3) In such a noncrossing partition take each occurrence of the adjacency matrix A along a string and draw it as two vertices with an edge between them (so one of the vertices has a string coming into it and the other has a string coming out), making sure to distinguish these edges from strings. Now contract every string (not edge) that goes between two vertices (some will only be incident to a single vertex) so that these two vertices become one. Now you have a graph H with some strings hanging off of it. If you draw your diagrams vertically then some strings will be hanging off of the top and some off of the bottom of the graph. Let a_i be the vertex of H that the i^th top string is incident to, and b_j the vertex the j^th bottom string is incident to (note that some vertices can be incident to many top and/or bottom strings. This “graph H with strings” corresponds to an intertwiner T of the quantum automorphism group of G, qut(G), as follows: the (u_1…u_\ell, v_1…v_k)-entry of T is the number of homomorphisms (adjacency-preserving maps) \phi from H to G such that \phi(a_i) = u_i and \phi(b_j) = v_j for all i,j. This is an informal description of all of the intertwiners of qut(G). More formally, the graph H can be any planar graph, and the vertices a_1,…,a_\ell and b_1,…,b_k must satisfy some technical condition (also having to do with planarity). The elements of QCENT(G) are the linear span of such matrices where \ell = k = 1. In this case, where \ell=k=1, the technical condition on a_1 and b_1 is equivalent to requiring that the graph obtained by adding an edge between a_1 and b_1 is still planar. In contrast, COH(G) consists of all matrices that can be obtained from the identity, the all ones matrix, the adjacency matrix of G, and the operations of matrix product, entrywise multipilication, transposition, and linear combinations. In terms of “graphs with strings hanging off of them” as described above, the identity matrix is a single vertex with a string hanging off in each direction, the all ones matrix is two isolated vertices each with a string hanging off of them but in different directions, and the adjacency matrix is the same but with an edge between those vertices. We can describe matrix product by “concatenating” the graphs with strings in the natural way (the same as with parititions). The entrywise product corresponds to merging the vertex with the incoming string in one of the graphs with the vertex with the incoming string in the other graph and similarly for the vertices with the outgoing strings. Transposition is as usual, it just switches the incoming and outgoing string. Thus COH(G) is the linear span of the matrices corresponding to the graphs with one incoming and one outgoing string that can be obtained with these starting graphs and these operations. Based on the results of Dell, Grohe, and Rattan (https://arxiv.org/abs/1802.08876), I suspect that you obtain the graphs with treewidth at most two, but with some condition on which vertices the incoming and outgoing strings can be attached to. Such a condition is necessary since if H is the diamond graph (a 4-cycle plus one of its diagonals), then the matrix corresponding to putting the incoming and outgoing strings on distinct degree three vertices is always in COH(G) but the matrix corresponding to putting the strings on distinct degree two vertices is not in COH(G) for G being the Shrikhande graph. I suspect the technical condition for where the strings can be placed is related to the definition of series-parallel graphs.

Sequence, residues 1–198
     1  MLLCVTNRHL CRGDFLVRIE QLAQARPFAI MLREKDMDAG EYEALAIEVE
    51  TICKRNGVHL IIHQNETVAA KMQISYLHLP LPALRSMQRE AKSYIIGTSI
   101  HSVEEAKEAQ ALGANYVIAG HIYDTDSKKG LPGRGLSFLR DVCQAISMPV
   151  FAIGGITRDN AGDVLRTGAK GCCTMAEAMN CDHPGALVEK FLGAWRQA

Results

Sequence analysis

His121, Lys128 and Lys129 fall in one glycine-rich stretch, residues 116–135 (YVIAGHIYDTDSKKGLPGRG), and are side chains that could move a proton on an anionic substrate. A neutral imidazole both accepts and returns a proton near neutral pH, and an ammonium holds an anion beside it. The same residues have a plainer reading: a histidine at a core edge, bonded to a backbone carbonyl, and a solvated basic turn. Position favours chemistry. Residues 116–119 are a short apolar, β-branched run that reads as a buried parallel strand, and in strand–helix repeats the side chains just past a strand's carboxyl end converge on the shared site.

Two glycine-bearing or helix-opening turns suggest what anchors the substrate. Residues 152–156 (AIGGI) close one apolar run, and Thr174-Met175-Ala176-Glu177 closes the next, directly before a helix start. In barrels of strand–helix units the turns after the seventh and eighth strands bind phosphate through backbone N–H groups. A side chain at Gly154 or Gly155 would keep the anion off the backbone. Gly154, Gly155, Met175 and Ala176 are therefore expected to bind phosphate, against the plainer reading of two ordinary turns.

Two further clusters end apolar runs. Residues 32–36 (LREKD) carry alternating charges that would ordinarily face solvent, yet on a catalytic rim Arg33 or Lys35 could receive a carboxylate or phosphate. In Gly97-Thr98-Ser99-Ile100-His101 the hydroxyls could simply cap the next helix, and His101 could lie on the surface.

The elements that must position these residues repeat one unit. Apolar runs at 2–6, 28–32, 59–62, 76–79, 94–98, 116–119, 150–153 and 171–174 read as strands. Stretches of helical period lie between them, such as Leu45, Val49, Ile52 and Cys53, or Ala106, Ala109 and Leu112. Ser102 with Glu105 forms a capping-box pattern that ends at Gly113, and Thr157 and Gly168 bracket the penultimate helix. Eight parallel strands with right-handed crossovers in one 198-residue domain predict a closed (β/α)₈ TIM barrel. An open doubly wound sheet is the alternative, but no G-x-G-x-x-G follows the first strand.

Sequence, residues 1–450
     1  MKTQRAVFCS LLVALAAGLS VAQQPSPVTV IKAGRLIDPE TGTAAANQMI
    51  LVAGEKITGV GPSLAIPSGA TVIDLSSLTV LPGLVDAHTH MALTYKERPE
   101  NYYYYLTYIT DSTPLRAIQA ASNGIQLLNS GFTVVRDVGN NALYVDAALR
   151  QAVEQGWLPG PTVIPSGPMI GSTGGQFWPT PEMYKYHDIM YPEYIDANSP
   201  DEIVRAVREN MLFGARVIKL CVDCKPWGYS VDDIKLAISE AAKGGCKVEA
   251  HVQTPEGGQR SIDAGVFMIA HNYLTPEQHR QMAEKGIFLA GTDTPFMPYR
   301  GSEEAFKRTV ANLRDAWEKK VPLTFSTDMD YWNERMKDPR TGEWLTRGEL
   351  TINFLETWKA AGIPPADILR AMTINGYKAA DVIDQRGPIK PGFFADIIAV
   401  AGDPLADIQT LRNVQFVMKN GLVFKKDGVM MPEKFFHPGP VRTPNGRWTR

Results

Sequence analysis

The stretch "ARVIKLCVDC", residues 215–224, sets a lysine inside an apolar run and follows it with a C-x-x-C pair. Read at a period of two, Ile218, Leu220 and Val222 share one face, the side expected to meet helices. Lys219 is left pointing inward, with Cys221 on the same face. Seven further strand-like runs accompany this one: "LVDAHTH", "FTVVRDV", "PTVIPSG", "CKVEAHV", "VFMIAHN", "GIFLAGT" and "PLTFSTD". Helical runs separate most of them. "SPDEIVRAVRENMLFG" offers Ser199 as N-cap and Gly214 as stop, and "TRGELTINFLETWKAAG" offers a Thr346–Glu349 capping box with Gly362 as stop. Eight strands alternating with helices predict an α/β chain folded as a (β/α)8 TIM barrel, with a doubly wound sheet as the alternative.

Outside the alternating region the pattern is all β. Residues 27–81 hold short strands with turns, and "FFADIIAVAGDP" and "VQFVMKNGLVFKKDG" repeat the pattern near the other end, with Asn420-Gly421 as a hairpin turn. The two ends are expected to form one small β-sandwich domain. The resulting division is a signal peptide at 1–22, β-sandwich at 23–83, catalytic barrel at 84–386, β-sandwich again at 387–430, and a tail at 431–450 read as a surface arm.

4) Great question. I originally heard this question from Simon Schmidt for what it’s worth.